Garden Blogger’s Bloom Day: May Edition

We discovered the fantastically wonderful blog project Gardener Blogger’s Bloom Day on May Dreams Garden last month, just after the cut off for April’s Bloom Day submission. We’ve spent the last just-under-a-month giddy with excitement for our first Bloom Day. Every bloom in the yard has been encouraged to hang on just a hair longer, and every bud has been lovingly coaxed into opening up by the 15th. Alas, the Belle of Woking clematis was too stubborn to contribute (it will most likely be a riot of gorgeous white flowers tomorrow morning), but we had a special surprise to make up for it (which will be saved for last, as the best always is).

Beginning at the front door and working our way around the front yard to the back and then ending back at the front door in the vegetable garden, this is what Maple Hoo Garden has blooming on this fine May 15th.

There were two planter urns left at the front door when we moved into Maple Hoo. Boomer traditionally plants them with pansies every spring.

Last summer the yard service that was supposed to be feeding our trees screwed up, mixed the plant food juuuust a hair too toxically and… killed every single foundation planting we had. Every last one. So we got all new plants, almost none of which we know the names of.

We’re pretty sure this is a holly, but we’re not sure if berries count as blooms. We’re putting them in anyway because they look so cool.

Speaking of holly, hidden behind the giant holly tree in the side of the front yard was this light pink azalea.

The previous owner created a mulched bed at the front of the yard that had nothing in it but a straggly shrub. We designated the rest of the bed a pumpkin patch but couldn’t really find a good reason to tear out the shrub. I’m so glad we didn’t as it’s turned into this:

Here at Maple Hoo, we’re vegetable gardeners; if it can’t be eaten and it’s not a geranium or a pansy, we don’t know what it is. After reading the other GBBD posts today, though, I’ve decided for no good reason that this is a vibernum of some kind. I will probably continue to refer to this as such as long as it’s in the yard regardless of what it actually is.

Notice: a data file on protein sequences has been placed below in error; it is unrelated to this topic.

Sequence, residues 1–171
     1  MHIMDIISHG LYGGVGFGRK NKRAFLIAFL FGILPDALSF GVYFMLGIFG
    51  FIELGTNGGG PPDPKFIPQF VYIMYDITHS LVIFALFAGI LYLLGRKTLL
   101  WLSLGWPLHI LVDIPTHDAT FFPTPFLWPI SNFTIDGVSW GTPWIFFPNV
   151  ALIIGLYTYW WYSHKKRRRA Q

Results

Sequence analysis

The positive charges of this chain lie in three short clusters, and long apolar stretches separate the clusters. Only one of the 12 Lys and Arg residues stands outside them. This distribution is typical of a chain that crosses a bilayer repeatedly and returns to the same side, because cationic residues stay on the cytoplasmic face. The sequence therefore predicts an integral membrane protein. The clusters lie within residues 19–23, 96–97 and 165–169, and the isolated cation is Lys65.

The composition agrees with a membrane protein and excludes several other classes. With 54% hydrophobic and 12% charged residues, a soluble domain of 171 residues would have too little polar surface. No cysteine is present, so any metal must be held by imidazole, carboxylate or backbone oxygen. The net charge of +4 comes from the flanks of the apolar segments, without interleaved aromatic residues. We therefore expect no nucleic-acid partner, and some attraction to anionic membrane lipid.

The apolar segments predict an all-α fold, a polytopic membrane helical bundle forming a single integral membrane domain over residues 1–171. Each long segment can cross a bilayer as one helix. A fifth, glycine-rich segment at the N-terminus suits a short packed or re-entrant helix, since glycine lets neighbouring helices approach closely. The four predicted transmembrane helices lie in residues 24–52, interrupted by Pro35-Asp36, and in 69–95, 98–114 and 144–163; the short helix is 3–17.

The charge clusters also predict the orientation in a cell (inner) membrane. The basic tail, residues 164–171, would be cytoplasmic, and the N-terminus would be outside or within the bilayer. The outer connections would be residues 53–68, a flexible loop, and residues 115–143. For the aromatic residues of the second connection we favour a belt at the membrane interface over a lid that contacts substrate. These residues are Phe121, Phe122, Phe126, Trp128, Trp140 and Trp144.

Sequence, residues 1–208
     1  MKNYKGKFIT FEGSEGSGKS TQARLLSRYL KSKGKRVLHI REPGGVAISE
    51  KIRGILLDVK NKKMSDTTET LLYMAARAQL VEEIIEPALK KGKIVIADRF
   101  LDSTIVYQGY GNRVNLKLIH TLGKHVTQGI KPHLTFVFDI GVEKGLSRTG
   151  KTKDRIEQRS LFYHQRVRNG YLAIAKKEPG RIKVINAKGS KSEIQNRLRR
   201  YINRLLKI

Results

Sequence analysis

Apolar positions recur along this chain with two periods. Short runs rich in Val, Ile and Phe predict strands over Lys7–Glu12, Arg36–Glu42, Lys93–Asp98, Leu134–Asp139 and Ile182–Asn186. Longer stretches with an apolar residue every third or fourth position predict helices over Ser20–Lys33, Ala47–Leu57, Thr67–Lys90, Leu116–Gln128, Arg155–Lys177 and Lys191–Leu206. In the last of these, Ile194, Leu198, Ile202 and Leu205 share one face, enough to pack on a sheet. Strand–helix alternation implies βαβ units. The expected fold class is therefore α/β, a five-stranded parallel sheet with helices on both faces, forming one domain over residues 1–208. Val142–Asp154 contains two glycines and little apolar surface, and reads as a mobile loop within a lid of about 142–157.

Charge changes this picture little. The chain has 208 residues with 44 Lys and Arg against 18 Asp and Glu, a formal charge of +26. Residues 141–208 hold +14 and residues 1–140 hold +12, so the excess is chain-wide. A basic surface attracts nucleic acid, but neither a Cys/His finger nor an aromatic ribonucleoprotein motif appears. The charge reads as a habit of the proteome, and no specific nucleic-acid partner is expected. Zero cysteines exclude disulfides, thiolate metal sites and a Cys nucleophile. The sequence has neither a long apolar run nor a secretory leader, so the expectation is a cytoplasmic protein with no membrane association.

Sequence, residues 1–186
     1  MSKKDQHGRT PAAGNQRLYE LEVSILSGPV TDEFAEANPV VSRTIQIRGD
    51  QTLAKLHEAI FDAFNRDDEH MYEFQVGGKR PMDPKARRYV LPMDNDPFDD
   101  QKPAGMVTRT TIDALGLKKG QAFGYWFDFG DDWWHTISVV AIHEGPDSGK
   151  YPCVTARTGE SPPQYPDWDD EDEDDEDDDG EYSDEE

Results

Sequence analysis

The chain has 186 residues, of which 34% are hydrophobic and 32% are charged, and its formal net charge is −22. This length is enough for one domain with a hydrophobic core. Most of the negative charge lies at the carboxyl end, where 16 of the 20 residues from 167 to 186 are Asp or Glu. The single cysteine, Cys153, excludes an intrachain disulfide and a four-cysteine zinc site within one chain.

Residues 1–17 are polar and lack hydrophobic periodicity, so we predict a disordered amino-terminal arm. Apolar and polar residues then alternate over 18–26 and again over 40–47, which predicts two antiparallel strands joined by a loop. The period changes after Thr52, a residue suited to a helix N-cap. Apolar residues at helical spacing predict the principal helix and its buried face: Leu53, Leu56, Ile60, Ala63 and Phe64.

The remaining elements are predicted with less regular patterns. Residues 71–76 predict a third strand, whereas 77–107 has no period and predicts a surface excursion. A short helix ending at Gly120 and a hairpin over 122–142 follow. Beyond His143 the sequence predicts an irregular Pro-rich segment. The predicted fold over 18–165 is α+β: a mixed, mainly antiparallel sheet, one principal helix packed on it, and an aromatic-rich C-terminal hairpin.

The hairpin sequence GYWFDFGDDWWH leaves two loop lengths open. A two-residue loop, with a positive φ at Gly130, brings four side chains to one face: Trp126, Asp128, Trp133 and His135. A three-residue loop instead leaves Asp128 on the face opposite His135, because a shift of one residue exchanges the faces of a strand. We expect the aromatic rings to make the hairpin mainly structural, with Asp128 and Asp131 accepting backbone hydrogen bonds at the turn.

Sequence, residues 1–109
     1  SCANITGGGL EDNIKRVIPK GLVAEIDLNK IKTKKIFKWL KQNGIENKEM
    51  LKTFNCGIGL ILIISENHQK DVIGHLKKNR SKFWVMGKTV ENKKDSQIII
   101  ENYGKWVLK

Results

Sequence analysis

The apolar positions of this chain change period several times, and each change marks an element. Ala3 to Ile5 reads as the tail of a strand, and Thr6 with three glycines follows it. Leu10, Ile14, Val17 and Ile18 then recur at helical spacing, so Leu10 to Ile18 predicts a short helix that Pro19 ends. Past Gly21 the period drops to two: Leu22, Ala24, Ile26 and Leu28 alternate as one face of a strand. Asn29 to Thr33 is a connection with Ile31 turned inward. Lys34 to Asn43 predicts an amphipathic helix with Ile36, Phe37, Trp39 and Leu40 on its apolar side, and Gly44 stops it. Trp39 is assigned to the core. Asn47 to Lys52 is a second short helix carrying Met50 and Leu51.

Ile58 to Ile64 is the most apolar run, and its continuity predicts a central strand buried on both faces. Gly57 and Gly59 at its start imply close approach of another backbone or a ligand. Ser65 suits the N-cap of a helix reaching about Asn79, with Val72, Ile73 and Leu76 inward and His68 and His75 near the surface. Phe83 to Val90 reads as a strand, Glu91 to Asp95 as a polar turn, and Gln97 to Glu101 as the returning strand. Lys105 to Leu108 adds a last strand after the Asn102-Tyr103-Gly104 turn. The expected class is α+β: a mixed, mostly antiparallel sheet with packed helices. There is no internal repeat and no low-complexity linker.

Just as I’m saying we have a distinct bias toward plants that can be eaten, I’m going to stretch the definition of “bloom” to include our proto-apples (Enterprise) and proto-peaches (Reliance). The blooms on the fruit trees this year were stunning, but since we missed the earlier GBBD we thought we’d include the results of the blooms here.

Keeping in the fruit theme we’ve got some tiny blooms on the raspberry canes but they are apparently very shy and didn’t want to be photographed. The blueberries are coming in, too. You can taste the muffins just looking at this little white flowers!

The last in the berry theme is the strawberry. The very first pass-along plant we got was this strawberry, given to us by Sarah and Paul of Sew Buttons, from their garden. We weren’t plant people then (our sole charges were two pathetic Meyer lemon trees). We stuck the strawberry in a pot left behind by the previous owner of the townhouse we lived in before Maple Hoo. We didn’t have enough soil to fill the pot but we were too lazy to do anything about. Nothing came of the planting (not surprisingly) but we moved the plant and pot with us anyway. You can tell by the picture that we still haven’t given it more soil, nor have we weeded the pot (which is obviously stored under a maple tree). But it seems to want to make a berry or two this year!